Electrophorus future


For those who live in the universe of “Star trek”, April 4, 2063 will be a great day. On this day, a brilliant rocket engineer Zefram Cochrane for the first time successfully test your warp drive. Technology will revolutionize the field of space travel, space ships can travel faster than the speed of light and will lead us boldly go where nobody has been before.

For all other warp engines, worm holes and travel faster than the speed of light will remain purely speculative concepts. They can be possible — the idea of deformation (warp) of space and traveling through short passages in the fabric of space-time many years considered scientific but very few physicists are willing to put serious money against the statement of Einstein, that nothing can move faster than the speed of light.

What about those who want to get outside of our Solar system and see what is there?

The only spacecraft that has gone further than planets, moons and asteroids of our Solar system, was “Voyager-1”. At the time of this writing, this plucky probe was 20 083 476 000 miles from Earth, moving at the speed of 17 kilometers per second. And it seems to be cool, but Voyager 1 was launched in 1977 and equipped with scientific tools, cameras and sensors and early 70’s. With them he flies for nearly 40 years.

Before people try to send another probe to interstellar space, the engineers hope to find a way to get there faster and, ideally, in your life.

There are several options. Some like the solar sail is a giant mirrored sheets, driven by the force of photons of the Sun. Others — including Stephen Hawking — like flying these sails with a tightly focused beam of photons that will generate the lasers on the Ground or on satellites in orbit.

NASA engineer Bruce Wegmann is studying the possibility of flying to the stars with the use of the propulsion system, which resembles a broken umbrella or sinewy Medusa. It is based on the idea of the electric sail space probe placed in the center of the fan from the metal wires.

Instead of a start at the expense of the photons, electrophorus uses the energy of the solar wind. This stream of charged particles continuously emitted by the Sun at a speed close to 400 km/s. Preliminary studies indicate that the spacecraft, riding the wind, could move three times faster the probe, equipped with a solar sail.

“You have a long thin bare wire, which are positively charged and extend from the slowly rotating spacecraft,” says Wegmann, working in the Department of advanced concepts, NASA Marshall space center in Alabama. “Positively charged wire will repel positively charged ions of the solar wind, pushing the spacecraft — like the magnets that we played in school, magnets of the same polarity repel each other.”

“We could repeat the mission of Voyager, but for 10-12 years,” he says. — We could get to Pluto in 5-6 years, two times faster than the Dawn mission, and to Jupiter for two years.”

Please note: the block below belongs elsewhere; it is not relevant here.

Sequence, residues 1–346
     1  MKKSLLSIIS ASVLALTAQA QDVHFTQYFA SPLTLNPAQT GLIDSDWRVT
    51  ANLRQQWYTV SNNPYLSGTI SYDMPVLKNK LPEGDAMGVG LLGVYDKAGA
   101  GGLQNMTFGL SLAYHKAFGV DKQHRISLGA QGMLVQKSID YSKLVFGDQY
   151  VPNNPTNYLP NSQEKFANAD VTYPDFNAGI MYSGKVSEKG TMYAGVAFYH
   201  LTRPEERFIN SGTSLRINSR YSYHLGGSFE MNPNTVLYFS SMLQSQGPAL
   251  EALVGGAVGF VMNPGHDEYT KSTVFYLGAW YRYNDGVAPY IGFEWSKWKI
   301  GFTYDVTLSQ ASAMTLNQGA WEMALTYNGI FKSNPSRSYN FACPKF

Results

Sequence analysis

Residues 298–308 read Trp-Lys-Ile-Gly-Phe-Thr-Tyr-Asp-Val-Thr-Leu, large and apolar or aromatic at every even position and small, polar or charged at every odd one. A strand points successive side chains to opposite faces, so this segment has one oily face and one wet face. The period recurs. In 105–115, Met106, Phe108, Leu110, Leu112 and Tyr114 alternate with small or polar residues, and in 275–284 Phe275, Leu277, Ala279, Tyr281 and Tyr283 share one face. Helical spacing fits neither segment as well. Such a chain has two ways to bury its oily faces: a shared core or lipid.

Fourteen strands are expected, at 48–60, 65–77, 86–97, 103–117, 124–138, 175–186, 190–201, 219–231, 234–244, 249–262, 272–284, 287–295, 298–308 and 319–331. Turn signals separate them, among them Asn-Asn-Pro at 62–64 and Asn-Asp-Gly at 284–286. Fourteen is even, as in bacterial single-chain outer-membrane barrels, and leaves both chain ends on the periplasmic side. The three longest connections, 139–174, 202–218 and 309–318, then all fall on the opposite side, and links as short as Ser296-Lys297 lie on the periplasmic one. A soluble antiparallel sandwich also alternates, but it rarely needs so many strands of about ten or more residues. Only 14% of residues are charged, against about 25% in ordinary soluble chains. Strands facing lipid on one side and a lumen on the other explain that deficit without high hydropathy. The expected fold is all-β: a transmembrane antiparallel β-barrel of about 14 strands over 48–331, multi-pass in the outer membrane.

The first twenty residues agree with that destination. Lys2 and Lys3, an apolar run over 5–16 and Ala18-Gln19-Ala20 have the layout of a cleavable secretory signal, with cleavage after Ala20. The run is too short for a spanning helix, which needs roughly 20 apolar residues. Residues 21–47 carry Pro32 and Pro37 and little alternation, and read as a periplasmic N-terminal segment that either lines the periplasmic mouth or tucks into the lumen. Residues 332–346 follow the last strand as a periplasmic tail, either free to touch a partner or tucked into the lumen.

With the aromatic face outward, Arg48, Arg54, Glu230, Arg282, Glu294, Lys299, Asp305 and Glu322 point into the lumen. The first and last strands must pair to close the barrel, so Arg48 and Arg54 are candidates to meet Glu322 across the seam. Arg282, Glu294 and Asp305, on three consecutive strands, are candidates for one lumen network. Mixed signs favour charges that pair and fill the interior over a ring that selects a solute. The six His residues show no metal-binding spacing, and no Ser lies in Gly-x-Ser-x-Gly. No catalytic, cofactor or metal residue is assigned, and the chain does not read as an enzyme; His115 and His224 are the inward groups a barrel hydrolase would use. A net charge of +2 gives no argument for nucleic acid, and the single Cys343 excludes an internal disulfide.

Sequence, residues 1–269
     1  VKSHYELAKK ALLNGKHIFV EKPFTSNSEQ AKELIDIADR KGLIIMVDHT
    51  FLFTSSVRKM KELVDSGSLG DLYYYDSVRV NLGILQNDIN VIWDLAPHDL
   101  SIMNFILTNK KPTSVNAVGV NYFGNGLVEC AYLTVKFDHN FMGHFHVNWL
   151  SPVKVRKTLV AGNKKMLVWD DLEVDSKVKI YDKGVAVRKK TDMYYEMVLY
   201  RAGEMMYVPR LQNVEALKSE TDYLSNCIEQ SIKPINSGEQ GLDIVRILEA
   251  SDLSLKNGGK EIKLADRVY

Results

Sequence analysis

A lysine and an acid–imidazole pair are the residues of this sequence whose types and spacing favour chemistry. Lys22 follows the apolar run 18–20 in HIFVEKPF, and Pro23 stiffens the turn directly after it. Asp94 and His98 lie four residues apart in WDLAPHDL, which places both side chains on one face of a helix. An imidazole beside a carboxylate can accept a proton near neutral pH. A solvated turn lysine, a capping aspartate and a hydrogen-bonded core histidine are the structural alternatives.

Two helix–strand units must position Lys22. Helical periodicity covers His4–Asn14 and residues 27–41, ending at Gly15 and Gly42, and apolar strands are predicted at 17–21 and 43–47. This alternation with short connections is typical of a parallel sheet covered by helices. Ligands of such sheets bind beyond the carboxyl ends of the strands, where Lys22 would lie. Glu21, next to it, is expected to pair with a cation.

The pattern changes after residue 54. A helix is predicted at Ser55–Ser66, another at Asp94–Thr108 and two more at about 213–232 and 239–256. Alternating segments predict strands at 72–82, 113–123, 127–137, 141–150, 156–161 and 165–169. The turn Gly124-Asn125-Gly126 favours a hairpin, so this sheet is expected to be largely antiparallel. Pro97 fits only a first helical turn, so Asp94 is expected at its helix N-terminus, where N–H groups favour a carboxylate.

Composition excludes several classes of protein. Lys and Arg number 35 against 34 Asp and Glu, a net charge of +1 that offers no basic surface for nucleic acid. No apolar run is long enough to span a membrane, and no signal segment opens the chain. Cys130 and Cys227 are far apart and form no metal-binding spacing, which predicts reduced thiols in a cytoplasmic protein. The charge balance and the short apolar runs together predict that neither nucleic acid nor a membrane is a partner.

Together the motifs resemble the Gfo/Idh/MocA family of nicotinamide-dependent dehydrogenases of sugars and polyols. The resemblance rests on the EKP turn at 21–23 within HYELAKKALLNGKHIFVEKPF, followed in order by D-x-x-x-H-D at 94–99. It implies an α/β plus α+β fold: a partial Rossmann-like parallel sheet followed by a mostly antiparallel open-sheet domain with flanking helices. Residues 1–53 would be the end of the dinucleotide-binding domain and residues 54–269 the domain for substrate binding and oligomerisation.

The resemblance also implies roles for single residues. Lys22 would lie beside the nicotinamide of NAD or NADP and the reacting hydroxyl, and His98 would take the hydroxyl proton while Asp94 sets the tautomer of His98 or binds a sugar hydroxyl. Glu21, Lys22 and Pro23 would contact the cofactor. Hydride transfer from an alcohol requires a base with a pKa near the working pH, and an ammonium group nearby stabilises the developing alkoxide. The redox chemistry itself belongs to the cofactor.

But in practice it may not be so easy.

Professor of astrophysics at the University of Michigan Thomas Sarbacher says that the idea Wegmann “lot of problems”.

“Most of the energy of the Sun comes in the form of light,” he says. — Her full force in the solar sail is roughly equivalent to the gravitational force chocolate bar on the football field — the solar wind is a thousand times less.”

Therefore, if a solar sail can be several hundred meters wide, space the umbrella of NASA needs to be 40 kilometers in diameter — the size of a city — and the wires attached to the space unit, have to run on a conventional rocket like the new SLS on NASA.

Recently Sabahan managed large American scientific research that has shown that small satellites, known as Cubesat, perfectly capable of planetary missions and will be much cheaper than traditional spacecraft. But it is not certain that the flight of charged wires would be the best way to get them to move. “The material side of all this is appalling,” says Sarbacher. — We make wire more than a hundred years and they still break”.

“Think about the wires: they are heavy because made of metal,” he says. They should be higher quality, otherwise when you miss them the electricity they burn. They will break and in that case, if for him to hit the micrometeoroid”.

Instead of using electrophorus, Sarbacher more like the idea to overclock the future probes using solar sails or nuclear movement — or both. Not that the electric umbrella is impossible to do. But certainly not easy.

Team Wegmann currently engaged in the foundations of engineering in his project and hopes to conduct the first tests using wires attached to high altitude balloons.

“We will try to prove the possibility of the technology,” says Wegmann planning to hold its first demonstration mission in early 2020’s. “We are also exploring the physical side of the question, to see how much propulsion power will be able to produce the solar wind. All with something began. I like this idea. If we can prove the physics will remain the case for engineers”.

If the technology proves successful, the spacecraft on electroporate will be able to overtake Voyager. Or we could just wait until Cochrane will invent warp drive, and then both the previous version will remain far behind…

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